The New England Patriots’ six division titles (and four Super Bowl appearances) over the past eight seasons brought plenty of clarity to the American Football Conference’s East division throughout the past decade, but last year’s battle-until-Week-17 fiasco kept the winner as open-ended as it was in the late '90s (when the Indianapolis Colts were still a part of the division).
The up-and-down year among the four AFC East teams—the Buffalo Bills, New York Jets, Miami Dolphins, and Patriots—was anything but expected, with the Dolphins successfully resurrecting the Wildcat formation, as well as quarterback Chad Pennington, to take the division and make the playoffs, while the Jets nearly made a run of their own for the playoffs before falling along with Brett Favre’s aged arm.
Buffalo started the season off looking the most promising of all the teams in the division, and possibly the entire conference, but that quickly changed after the Bills had to start playing division opponents.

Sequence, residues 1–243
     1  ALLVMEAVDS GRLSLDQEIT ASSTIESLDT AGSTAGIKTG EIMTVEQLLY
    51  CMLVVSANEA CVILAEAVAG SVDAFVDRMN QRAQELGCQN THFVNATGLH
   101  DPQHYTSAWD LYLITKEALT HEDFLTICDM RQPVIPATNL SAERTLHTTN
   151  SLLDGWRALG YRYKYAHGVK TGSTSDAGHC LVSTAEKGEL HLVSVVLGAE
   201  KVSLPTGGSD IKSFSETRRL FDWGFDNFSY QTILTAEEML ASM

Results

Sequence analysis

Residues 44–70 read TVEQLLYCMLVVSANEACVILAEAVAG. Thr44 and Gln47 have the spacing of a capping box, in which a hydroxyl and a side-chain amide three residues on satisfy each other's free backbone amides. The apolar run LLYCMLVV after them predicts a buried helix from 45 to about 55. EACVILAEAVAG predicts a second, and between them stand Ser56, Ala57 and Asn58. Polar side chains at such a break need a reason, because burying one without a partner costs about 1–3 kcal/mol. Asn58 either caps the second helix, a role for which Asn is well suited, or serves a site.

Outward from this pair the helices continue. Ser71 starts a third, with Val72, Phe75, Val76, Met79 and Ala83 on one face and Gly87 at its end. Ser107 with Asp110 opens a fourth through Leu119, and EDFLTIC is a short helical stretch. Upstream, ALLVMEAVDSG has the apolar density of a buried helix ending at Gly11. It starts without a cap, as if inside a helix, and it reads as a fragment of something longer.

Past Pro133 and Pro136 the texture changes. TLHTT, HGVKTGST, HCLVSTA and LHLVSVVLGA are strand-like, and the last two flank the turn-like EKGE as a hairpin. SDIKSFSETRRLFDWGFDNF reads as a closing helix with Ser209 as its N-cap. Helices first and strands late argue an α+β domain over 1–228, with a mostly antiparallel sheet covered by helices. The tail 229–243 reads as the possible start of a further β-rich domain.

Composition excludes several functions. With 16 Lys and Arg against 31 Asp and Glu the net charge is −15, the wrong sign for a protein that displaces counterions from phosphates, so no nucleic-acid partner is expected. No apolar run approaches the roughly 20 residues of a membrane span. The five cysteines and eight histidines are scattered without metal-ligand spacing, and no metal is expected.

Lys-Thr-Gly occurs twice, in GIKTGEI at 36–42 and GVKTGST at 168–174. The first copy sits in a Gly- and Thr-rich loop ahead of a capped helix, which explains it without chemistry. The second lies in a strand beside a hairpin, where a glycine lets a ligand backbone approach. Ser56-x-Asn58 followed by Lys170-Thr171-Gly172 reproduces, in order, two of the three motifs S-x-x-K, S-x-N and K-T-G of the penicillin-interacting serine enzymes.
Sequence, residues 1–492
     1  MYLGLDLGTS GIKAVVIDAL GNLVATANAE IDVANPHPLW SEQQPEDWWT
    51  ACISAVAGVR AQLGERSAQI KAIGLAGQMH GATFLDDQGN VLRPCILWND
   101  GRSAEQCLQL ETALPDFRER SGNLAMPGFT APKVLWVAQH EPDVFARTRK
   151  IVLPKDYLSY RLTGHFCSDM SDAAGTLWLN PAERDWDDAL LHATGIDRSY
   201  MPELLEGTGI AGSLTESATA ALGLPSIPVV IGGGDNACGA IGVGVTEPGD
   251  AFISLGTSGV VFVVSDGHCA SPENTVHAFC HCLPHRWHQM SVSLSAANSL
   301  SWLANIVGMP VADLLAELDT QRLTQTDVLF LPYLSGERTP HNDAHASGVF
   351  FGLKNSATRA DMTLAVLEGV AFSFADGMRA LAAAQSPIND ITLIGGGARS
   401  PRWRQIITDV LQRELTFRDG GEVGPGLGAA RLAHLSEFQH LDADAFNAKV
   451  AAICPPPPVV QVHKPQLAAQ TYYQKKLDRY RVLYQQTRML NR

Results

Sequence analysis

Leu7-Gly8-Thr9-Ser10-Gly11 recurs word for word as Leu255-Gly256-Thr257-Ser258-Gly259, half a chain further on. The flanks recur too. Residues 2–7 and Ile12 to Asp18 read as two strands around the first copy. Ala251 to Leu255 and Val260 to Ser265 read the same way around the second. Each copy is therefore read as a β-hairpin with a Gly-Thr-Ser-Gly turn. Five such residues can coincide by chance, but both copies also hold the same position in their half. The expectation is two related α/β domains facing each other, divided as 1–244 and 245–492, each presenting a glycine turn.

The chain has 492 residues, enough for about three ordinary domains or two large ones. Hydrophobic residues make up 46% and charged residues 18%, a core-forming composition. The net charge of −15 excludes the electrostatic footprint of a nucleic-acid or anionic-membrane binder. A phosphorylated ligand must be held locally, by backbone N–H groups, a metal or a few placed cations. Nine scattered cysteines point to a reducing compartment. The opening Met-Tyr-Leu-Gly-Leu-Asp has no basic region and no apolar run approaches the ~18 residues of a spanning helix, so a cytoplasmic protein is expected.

The boys from Orchard Park, NY, didn’t win a single game all season vs. an AFC East opponent, finishing a dismal 7-9 for the third straight year.
The Patriots had a crazy year of their own. With quarterback Tom Brady going down in the team’s season opener with a knee injury that ended his season, career backup Matt Cassel was required to step in and fill some big shoes.
Brady, the 2007 NFL MVP, was certainly missed, but Cassel did his best to lead New England as far as possible. Despite an 11-5 record among a plethora of team injuries, the Patriots fell short of the postseason, the first time a team with that record missed the playoffs since the 1985 Denver Broncos.
This year will certainly be another roller coaster ride.
Less than two weeks after being fired by the Jets, Mangini was hired as head coach of the struggling Cleveland Browns.